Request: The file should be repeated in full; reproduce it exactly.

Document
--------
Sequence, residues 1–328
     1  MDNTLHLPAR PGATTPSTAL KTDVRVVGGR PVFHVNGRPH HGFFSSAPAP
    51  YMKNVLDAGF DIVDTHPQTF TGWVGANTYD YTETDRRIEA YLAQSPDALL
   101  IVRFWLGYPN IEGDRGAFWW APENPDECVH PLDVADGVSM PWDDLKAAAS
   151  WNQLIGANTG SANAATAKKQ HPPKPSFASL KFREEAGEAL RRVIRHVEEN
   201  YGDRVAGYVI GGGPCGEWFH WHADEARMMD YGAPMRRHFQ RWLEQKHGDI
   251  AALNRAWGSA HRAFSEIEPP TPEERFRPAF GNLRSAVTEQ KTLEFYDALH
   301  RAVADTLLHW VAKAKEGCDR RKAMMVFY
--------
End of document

Sequence, residues 1–328
     1  MDNTLHLPAR PGATTPSTAL KTDVRVVGGR PVFHVNGRPH HGFFSSAPAP
    51  YMKNVLDAGF DIVDTHPQTF TGWVGANTYD YTETDRRIEA YLAQSPDALL
   101  IVRFWLGYPN IEGDRGAFWW APENPDECVH PLDVADGVSM PWDDLKAAAS
   151  WNQLIGANTG SANAATAKKQ HPPKPSFASL KFREEAGEAL RRVIRHVEEN
   201  YGDRVAGYVI GGGPCGEWFH WHADEARMMD YGAPMRRHFQ RWLEQKHGDI
   251  AALNRAWGSA HRAFSEIEPP TPEERFRPAF GNLRSAVTEQ KTLEFYDALH
   301  RAVADTLLHW VAKAKEGCDR RKAMMVFY